It’s 2012, and the Embeddable Linux Kernel Subset (ELKS) is back!

A long time ago, some Linux kernel developers forked the Linux kernel (in truth, it was more “rewrite” than “fork”) into a version that would run on 8086/8088-class processors, like in the original IBM PC and PC/XT. That kernel was coined the Embeddable Linux Kernel Subset, or ELKS for short. The project has seen very rocky times in the 2000s as developers gradually moved away from the project, interest slowly faded, and perhaps the near-death blow for ELKS was the tragic loss of Riley H. Williams, whose contributions of time and skill kept ELKS going for years until his death. (Rest in peace, Riley; we miss you.) After Riley died, no one who was involved had the time or energy to steer the ELKS project anywhere. I released a broken tarball of all of the source code contained in the ELKS CVS database on SourceForge, dubbed it release version elks-0.1.3, and hoped that someone else with more time and knowledge than myself would be inspired and take the initiative to get the ball rolling again.

Other than an occasional blip on the ELKS mailing list (linux-8086 at, nothing really happened. I tried to spark some conversation about where ELKS should go, but almost nothing came of that effort either. ELKS was doomed to obscurity, and even I mostly forgot about it as I was distracted by other things in my life. And then, something changed!

Juan Perez-Sanchez posted a patch to linux-8086 to fix compilation errors on 2012-01-10. I starred it but didn’t really think much of it, because I was very busy that day, and I forgot about it. Juan, though, wasn’t kidding around. Over the remainder of January of 2012, Juan posted four more patches to the mailing list to fix a variety of small issues. Hans posted that “it is good to know that ELKS is not completely abandoned,” and after seeing that message in my inbox on top of all these patches, I couldn’t keep myself away any longer.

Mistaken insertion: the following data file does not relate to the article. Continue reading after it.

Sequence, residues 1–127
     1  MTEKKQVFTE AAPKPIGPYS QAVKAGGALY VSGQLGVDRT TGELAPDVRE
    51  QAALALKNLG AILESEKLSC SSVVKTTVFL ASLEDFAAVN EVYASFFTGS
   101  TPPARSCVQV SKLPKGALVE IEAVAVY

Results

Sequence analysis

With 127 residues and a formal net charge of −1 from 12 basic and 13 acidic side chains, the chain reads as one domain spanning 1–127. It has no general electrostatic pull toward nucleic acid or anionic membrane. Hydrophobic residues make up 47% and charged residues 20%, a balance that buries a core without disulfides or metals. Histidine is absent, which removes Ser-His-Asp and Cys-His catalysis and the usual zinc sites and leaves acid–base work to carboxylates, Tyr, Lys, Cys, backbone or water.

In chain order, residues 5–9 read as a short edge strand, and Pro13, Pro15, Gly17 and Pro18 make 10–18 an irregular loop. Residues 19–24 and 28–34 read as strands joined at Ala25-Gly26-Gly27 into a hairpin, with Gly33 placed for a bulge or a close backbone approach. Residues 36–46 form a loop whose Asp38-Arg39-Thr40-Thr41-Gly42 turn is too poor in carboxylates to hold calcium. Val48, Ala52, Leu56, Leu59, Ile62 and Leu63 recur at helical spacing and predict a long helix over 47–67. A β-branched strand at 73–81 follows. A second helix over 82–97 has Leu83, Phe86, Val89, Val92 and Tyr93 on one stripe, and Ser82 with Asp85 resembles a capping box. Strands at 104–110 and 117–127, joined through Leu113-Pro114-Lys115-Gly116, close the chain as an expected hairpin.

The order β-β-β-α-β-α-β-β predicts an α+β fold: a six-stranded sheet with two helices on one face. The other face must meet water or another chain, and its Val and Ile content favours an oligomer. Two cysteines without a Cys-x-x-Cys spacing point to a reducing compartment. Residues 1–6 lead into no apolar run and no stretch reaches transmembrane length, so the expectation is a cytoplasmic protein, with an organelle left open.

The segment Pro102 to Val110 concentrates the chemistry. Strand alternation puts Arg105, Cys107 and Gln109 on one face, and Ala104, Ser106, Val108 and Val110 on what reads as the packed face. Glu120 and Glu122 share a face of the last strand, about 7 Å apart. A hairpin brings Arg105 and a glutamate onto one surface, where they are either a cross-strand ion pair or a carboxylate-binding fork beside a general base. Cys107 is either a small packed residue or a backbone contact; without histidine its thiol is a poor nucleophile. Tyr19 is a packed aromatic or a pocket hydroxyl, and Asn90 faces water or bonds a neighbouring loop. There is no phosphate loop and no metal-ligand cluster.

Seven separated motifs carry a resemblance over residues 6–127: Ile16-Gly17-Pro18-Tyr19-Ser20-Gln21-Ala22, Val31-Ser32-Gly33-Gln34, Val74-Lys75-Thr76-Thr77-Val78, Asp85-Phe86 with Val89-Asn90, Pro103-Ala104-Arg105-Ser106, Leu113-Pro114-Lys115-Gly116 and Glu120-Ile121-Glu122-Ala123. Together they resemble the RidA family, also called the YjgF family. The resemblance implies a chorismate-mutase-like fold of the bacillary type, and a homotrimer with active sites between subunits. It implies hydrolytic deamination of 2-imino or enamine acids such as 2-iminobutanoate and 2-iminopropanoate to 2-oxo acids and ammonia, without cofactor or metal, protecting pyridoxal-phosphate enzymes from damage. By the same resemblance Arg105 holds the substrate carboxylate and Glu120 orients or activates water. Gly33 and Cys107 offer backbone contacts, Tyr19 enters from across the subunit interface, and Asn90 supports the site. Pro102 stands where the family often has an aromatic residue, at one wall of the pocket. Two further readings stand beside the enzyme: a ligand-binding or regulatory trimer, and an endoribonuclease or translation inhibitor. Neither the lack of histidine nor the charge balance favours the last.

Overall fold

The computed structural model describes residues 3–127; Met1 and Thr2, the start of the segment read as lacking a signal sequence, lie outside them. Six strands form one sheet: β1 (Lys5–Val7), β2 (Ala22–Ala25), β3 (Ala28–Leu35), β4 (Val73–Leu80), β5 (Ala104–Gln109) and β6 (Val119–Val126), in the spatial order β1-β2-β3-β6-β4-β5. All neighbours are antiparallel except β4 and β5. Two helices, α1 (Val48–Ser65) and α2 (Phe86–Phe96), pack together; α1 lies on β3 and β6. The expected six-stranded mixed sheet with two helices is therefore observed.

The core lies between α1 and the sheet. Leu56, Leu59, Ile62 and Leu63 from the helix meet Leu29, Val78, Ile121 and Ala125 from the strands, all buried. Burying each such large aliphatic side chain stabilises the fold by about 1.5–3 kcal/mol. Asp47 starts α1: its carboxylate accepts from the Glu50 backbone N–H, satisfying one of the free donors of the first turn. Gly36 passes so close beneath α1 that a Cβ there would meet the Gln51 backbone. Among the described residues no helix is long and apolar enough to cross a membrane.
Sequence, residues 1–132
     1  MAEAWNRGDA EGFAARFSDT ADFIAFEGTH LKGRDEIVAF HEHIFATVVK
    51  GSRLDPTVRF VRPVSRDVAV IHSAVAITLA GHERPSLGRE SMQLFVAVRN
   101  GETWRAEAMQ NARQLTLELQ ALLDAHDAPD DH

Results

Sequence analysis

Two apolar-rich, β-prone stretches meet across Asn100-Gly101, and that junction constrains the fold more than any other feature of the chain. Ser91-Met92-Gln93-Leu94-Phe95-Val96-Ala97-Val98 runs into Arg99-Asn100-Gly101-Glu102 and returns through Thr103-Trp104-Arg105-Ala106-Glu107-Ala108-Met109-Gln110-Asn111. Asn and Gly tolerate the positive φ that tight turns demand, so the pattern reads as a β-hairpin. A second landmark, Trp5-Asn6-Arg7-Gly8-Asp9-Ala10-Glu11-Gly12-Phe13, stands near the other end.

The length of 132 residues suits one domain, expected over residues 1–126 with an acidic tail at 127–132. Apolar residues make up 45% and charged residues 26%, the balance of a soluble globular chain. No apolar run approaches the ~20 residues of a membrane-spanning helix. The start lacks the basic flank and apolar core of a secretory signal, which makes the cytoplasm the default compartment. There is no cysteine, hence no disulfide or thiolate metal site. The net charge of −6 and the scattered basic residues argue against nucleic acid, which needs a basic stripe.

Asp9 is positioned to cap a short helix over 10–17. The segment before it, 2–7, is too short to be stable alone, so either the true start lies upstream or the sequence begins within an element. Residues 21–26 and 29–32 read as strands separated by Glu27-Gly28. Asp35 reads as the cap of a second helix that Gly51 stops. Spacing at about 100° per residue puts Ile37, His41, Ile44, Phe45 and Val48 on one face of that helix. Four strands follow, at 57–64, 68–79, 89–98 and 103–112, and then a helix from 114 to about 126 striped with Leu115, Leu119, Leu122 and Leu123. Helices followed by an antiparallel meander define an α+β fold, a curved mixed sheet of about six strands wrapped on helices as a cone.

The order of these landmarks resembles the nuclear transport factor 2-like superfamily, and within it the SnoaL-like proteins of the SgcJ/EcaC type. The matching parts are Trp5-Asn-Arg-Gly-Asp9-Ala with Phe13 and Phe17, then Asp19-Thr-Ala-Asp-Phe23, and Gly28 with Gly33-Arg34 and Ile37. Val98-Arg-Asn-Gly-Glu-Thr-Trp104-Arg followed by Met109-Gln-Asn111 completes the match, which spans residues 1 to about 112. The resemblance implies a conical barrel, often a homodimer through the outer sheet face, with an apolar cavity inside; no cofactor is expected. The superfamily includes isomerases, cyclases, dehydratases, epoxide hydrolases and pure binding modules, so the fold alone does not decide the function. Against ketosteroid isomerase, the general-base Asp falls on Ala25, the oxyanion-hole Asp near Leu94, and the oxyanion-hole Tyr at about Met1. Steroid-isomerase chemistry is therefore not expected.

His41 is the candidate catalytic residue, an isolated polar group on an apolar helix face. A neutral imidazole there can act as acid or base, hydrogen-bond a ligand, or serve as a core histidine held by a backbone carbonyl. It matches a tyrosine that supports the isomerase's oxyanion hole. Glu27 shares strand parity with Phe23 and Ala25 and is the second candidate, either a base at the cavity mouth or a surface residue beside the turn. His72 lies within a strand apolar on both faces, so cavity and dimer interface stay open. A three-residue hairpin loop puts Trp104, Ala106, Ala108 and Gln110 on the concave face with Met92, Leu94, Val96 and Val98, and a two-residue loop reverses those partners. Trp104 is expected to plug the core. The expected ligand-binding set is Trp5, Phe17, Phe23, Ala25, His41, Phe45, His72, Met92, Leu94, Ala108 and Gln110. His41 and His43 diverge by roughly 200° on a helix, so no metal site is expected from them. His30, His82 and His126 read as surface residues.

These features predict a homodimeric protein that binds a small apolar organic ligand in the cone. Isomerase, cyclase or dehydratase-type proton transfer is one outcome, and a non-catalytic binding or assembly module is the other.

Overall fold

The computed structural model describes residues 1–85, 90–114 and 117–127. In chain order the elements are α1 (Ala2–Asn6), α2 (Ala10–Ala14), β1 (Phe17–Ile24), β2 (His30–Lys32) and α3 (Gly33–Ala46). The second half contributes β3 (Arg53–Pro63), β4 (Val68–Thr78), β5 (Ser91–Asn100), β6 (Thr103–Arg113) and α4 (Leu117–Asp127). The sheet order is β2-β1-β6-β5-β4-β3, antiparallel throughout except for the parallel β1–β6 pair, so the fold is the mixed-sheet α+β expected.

I transitioned the code on SourceForge from CVS to Git on Feb 5, and the next day I imported the CVS commit history into Git as well. I’ve decided to fully take the reins, suck it up, and become the leader of ELKS, particularly since I am the only administrator left on SourceForge who is active. So far, there has not been a single day since 2012-02-05 that the list hasn’t had a post. I’ve begun digging up some old hardware to test on, and I can safely say that ELKS isn’t dead.

ELKS is back. Anyone who wants to help should subscribe to the linux-8086 mailing list at and contribute!

One thought on “It’s 2012, and the Embeddable Linux Kernel Subset (ELKS) is back!

  1. Cool, just found this while browsing around 🙂

    Might be worth updating the webpage on sourceforge .. ideally include a link to git + the git browser on the frontpage. Also, one of the other pages that talks about cvs is quite out of date.

    [This way it should be quicker for people to play with it / contribute ]

    Lastly – maybe it would be an idea to release virtual machine images running the kernel ?


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